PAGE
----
Reclaiming our souls

With the power of authenticity, those of us involved either directly or indirectly, with the destruction of Mother Earth, with the degradation of others or our own lives, and with the emptiness of our own souls, can reclaim those aspects of ourselves that we feel disconnected with and even embarrassed about. We can gain a vision of our true identity, one of total consciousness of life, maturation of the mind and soul and self-governance through the attainment of authentic power and leadership.


God’s making use of you. You should be grateful. He’s found a use for you.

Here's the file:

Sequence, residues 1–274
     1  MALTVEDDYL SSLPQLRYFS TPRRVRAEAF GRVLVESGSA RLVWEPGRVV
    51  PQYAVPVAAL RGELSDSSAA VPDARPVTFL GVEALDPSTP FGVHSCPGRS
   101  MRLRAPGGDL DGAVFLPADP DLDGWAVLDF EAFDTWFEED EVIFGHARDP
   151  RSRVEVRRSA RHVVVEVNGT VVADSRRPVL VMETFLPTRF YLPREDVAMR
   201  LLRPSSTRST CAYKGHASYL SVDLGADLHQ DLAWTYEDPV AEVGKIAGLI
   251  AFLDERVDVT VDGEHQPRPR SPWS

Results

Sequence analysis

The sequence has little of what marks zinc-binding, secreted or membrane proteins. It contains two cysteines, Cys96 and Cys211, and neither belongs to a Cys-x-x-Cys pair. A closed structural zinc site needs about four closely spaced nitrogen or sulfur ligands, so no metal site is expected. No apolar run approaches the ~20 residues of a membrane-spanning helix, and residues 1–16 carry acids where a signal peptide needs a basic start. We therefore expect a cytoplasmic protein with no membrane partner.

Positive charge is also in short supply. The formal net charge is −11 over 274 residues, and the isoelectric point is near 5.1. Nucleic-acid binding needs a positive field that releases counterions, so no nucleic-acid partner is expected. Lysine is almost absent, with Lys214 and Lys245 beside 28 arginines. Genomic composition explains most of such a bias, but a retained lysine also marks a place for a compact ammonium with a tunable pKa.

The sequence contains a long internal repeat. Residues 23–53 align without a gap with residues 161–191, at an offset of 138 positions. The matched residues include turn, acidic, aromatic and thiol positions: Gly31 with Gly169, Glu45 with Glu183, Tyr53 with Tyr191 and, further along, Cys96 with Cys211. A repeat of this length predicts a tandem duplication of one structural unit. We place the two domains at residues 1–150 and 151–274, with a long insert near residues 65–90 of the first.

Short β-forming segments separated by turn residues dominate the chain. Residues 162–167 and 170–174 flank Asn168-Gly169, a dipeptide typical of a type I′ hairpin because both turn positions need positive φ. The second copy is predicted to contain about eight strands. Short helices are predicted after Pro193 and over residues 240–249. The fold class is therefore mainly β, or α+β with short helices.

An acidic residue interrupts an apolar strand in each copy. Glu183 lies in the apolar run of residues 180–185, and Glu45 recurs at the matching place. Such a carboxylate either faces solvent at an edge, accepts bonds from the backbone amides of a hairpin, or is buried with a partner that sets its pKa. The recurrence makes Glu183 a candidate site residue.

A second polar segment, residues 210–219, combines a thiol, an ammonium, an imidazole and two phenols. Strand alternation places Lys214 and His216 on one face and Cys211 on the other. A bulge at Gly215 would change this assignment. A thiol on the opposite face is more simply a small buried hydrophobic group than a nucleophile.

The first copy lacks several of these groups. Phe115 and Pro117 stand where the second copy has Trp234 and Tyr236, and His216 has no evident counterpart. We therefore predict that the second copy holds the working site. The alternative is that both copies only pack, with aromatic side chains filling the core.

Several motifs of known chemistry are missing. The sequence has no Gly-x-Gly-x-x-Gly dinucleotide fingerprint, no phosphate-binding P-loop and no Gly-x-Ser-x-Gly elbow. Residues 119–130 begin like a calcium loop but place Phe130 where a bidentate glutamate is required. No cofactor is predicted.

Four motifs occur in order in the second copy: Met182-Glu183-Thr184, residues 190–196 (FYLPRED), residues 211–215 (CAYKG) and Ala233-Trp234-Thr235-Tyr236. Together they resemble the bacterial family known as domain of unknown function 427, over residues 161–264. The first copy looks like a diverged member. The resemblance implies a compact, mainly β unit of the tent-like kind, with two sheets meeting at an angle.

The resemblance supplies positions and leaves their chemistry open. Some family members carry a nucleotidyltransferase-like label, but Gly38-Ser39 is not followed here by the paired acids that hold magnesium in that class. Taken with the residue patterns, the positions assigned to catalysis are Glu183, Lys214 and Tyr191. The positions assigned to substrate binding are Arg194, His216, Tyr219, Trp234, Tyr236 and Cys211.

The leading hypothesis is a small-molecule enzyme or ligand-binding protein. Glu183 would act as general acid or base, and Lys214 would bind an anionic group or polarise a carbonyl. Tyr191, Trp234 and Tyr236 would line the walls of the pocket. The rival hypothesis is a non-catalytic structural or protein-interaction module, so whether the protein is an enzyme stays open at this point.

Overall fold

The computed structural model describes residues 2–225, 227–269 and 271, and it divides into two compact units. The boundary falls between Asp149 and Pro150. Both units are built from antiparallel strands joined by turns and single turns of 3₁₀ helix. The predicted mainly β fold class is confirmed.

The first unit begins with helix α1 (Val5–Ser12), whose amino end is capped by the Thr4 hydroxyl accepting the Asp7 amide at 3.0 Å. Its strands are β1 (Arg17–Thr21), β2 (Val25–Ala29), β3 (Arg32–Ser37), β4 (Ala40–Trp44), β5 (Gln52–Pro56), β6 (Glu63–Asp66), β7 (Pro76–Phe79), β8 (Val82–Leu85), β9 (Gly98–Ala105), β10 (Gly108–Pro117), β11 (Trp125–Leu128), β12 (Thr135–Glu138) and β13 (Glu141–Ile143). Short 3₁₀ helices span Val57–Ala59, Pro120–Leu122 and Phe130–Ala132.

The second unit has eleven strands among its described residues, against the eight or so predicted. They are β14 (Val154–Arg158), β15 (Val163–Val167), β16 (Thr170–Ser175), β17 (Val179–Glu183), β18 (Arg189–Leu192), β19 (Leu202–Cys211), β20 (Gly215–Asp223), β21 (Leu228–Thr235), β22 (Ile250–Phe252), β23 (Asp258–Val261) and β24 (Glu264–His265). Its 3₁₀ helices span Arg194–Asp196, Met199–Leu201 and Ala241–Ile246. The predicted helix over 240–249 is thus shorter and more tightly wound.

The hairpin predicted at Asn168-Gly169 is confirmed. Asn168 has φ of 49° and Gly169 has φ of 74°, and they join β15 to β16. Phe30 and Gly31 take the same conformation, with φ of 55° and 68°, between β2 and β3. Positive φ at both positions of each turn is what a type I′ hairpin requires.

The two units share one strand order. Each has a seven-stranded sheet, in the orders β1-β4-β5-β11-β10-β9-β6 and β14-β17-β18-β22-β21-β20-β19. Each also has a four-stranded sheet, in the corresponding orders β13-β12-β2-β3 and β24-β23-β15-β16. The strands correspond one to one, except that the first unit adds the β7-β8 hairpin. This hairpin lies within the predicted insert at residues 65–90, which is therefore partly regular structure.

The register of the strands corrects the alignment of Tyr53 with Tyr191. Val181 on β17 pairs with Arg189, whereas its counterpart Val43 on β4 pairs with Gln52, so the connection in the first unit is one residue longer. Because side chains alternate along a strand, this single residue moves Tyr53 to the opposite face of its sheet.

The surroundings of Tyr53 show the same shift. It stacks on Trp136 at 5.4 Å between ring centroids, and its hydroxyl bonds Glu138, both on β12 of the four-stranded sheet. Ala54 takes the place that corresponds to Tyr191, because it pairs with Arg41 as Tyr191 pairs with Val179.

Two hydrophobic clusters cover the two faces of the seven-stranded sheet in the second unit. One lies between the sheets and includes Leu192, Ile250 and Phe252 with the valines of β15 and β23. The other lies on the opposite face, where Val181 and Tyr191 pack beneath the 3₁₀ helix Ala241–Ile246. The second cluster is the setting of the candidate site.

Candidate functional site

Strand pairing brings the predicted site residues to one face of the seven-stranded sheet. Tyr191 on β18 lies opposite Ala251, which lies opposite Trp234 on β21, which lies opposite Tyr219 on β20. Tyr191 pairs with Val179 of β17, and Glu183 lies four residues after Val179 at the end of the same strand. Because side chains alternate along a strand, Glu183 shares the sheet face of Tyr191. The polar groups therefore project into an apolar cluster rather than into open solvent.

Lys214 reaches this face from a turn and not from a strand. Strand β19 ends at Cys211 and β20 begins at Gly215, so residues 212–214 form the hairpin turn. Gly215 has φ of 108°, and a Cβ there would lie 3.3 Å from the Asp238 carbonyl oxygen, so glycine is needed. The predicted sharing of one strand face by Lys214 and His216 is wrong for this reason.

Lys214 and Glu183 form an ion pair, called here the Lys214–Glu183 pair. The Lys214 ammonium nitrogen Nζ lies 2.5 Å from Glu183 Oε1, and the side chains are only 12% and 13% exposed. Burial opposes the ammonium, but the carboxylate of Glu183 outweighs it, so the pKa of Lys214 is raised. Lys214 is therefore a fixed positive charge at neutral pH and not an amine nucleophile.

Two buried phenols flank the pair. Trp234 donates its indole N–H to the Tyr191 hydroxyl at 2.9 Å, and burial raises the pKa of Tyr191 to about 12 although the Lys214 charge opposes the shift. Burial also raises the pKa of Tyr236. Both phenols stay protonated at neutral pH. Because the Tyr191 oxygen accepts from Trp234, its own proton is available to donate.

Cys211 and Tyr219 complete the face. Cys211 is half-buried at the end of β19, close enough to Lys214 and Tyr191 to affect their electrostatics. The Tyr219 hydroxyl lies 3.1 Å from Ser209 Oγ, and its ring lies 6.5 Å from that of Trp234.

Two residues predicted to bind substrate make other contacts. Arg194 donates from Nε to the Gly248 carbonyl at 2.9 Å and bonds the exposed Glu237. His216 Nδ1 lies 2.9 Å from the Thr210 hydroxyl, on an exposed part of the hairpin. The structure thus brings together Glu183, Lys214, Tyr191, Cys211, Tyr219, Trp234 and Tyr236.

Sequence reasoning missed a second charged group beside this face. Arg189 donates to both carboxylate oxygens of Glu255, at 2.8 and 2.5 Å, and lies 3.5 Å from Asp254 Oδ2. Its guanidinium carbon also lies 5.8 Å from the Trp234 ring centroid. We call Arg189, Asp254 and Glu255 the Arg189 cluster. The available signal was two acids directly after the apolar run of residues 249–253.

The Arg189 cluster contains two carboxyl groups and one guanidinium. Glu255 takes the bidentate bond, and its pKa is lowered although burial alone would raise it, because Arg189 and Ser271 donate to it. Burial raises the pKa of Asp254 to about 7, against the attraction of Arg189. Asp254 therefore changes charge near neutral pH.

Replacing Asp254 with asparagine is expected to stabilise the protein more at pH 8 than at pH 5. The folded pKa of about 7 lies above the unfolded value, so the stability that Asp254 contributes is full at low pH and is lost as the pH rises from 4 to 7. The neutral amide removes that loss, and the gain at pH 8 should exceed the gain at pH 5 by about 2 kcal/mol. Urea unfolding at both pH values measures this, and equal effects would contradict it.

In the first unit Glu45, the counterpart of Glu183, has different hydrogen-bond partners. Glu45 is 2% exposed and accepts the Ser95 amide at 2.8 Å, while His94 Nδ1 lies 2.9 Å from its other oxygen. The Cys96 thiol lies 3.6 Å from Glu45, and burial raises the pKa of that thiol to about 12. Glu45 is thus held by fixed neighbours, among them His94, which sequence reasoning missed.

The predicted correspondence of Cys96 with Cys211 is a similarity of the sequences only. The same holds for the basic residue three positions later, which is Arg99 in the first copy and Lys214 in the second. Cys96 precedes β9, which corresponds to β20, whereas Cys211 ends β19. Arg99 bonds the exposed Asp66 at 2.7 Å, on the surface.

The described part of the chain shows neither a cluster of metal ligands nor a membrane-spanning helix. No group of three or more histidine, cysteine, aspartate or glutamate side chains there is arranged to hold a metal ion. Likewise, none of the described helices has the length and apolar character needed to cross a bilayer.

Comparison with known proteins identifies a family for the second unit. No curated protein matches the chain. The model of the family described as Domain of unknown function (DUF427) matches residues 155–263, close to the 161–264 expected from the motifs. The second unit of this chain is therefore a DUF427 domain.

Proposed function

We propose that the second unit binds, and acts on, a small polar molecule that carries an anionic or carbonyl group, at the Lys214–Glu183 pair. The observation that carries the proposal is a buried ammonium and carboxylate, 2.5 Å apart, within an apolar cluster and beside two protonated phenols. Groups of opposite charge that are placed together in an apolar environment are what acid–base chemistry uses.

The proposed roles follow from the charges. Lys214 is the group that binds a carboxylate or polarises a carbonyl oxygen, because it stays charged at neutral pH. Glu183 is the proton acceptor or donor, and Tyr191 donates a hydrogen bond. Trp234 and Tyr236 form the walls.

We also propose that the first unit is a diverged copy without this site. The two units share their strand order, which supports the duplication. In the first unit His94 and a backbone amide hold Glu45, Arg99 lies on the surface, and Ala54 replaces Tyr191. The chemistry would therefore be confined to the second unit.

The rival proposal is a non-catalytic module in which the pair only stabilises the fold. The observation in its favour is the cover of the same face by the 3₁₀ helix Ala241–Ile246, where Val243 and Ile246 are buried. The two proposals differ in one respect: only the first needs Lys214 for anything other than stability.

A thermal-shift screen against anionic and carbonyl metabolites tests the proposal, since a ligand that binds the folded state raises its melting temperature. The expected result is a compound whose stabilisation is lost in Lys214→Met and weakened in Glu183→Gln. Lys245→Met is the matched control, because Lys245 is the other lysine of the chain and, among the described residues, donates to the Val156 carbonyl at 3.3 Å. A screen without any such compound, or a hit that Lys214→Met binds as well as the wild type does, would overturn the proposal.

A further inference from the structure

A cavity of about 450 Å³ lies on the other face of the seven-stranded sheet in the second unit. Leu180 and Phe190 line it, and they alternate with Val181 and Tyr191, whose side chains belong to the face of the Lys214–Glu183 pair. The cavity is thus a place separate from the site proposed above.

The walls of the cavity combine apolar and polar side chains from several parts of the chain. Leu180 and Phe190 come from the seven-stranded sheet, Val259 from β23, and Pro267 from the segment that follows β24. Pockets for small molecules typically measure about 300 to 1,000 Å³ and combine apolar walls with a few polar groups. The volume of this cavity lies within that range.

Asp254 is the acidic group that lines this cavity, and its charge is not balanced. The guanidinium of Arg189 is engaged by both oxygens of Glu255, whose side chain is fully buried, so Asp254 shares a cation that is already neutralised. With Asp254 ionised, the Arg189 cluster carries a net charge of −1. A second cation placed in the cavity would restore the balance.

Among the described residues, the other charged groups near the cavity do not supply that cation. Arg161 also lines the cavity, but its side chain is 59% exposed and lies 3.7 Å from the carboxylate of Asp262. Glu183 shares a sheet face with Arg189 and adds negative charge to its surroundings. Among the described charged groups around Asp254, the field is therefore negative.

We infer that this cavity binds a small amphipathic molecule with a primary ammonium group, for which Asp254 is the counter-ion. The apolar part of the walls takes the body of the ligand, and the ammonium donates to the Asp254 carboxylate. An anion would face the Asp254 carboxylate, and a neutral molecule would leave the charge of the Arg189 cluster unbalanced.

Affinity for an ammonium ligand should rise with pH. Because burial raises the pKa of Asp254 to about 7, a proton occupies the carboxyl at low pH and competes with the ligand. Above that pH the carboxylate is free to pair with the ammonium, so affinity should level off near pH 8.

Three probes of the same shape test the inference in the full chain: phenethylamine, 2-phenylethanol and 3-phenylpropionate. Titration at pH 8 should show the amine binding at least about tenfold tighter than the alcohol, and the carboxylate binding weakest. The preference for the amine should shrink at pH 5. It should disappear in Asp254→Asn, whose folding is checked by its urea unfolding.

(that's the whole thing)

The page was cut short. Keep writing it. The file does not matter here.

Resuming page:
[1] Van Vrekh, Georges, 2000, The Mother, The Story of Her Life, Harper Collins, New Delhi, India [2] Civically engaged means positive citizen involvement in politics and social life. [3] International Monetary Fund, 2010. [4] The latest available were 2008 statistics. [5] Gastil, John, By Popular Demand: Revitalizing Representative Democracy Through Deliberative Elections, 2000, U of California Press, Berkeley, CA. [6] Nagler, Michael N., Hope Or Terror? Gandhi and the Other 9/11. [7] A national coalition, Act Now to Stop War and End Racism. [8] Echinacea and Golden Seal are herbs used to enhance the immune system. In his latest book, We Need Each Other: building gift community, 2011, ManKind co-founder, Bill Kauth with his wife, Zoe Alowan state, “Gaia is ailing and we are the immune system!” No matter how wonderful, inspiring and momentous our revelations are, we are going to be asked to go far beyond our current best selves. We will need all the help we can get. [9] These first two sentences are borrowed from a wise elder. They were etched on a scrap of paper without the name of the giver. For this, I extend great apologies and thankfulness for your wisdom. They are fitting for this book; you must have known I’d need them. [10] [11] Sams, Jamie, 1990, Sacred Path Cards. Harper, San Francisco, CA. [12] Jean Houston Foundation Social Artistry Conference, 2007. Ashland, Oregon. Angeles Arrien presented her work the Four-Fold Way program. [13] The term “God” includes Great Spirit, Allah, the Tao, Universal Life Force, Infinite Wisdom, the Source, and so forth. In this book, the interpretation is not limiting. [14] We have institutionalized love between people so that only those that fit into the confines of a very narrow view of gender can reap the benefits of a governmental sanctioned marriage. [15] [16] This is part of a longer speech that is attributed to an unnamed Hopi elder from the Hopi Nation in Oraibi, Arizona. [17] Horn, Tom, New Edition, 1964, Life of Tom Horn: Government Scout and Interpreter, A Vindication. Tom Horn (1860-1903) was an American Old West lawman and an assassin. He was, some think unfairly, tried and hung in Colorado the day before his 43 birthday. [18] Tom Horn traveled with an African American cowboy and visited Frank Hughes and family on the plains of Wyoming. Personal interview for the Wyoming Historical Society, 1989. [19] [20] United States Poet Laureate (2010-2011). [21] Personal conversation. [22] Iraq Veterans Against the War [23] Iraq Veterans Against the War [24] Schlain, Leonard, 1998, The Alphabet and the Goddess: the conflict between world and image. 249, Penguin Putnam, New York, New York. [25] Ibid., 248 [26] Enlightenment: An Ancient Text of the Syriac (Aramaic) New Testament. Yonan Codex Foundation. Heartland Aramaic Mission. [27] Schlain, Leonard, The Alphabet and the Goddess: the conflict between word and image. 1998. [28] The Be-Attitudes From the Aramaic by the Yonan Codex Foundation. [29] Wink, Walter, 1992, The Myth of Redemptive Violence, Sojourners 21: 18-21. [30] Merwin, W.S., United States Poet Laureate (2010-2011) [31] Wink, Walter, 1992, The Myth of Redemptive Violence, Sojourners 21: 18-21. [32] Mahariji, Prem Rawat, The Prem Rawat Foundation. Keys 1 and 2. [33] Ghose, Aurobinso, (Sri Aurobino), First published in America in 1990. The Life Divine, Book II. [34] [35] Bista, Dor Bahadur, 1995, Fatalism and Politics, Kathmandu University Press, Kathmandu, Nepal. [36] Essential Works of Foucault, 1954-1984. Volume 3, edited by Paul Rabinow, New York: The New Press, 1997-9. [37] Foucault, Michel, 1988, Michel Foucault, Power/Knowledge: Selected Interviews and Other Writings 1927-1977. Colin Gordon (Ed.) New York: Pantheon. [38] Korten, David, July, 2011, Every Great Social Movment, Yes Magazine. [39] Fidel Castro, 1965, YouTube, Fidel Castro in his own words. [40] Korten’s words are part of a series of blogs based on exerpts adapted from the 2nd edition of Agenda for a New Economy: From Phantom Wealth to Real Wealth. [41] The Mother (of Auroville), 1992, The Soul and Its Powers, compiled by Wayne Bloomquist. Lotus Light Pub., Twin Lakes, Wisconsin. [42] Personal interview, 1998, Coos Bay, Oregon. [43] Zukav, Gary, 1989, Seat of the Soul. Simon & Schuster, NY, NY . [44] Wall, Steve and Arden, Harvey, 1990, Wisdomkeepers: Meetings with Native American Spiritual Elders, Beyond Words Publishing, Hillsboro,Oregon. [45] Abdullah, Sharif, 1990. The Power of One: Authentic Leadership in Turbulent Times. Berrett-Koehler, San Francisco, California.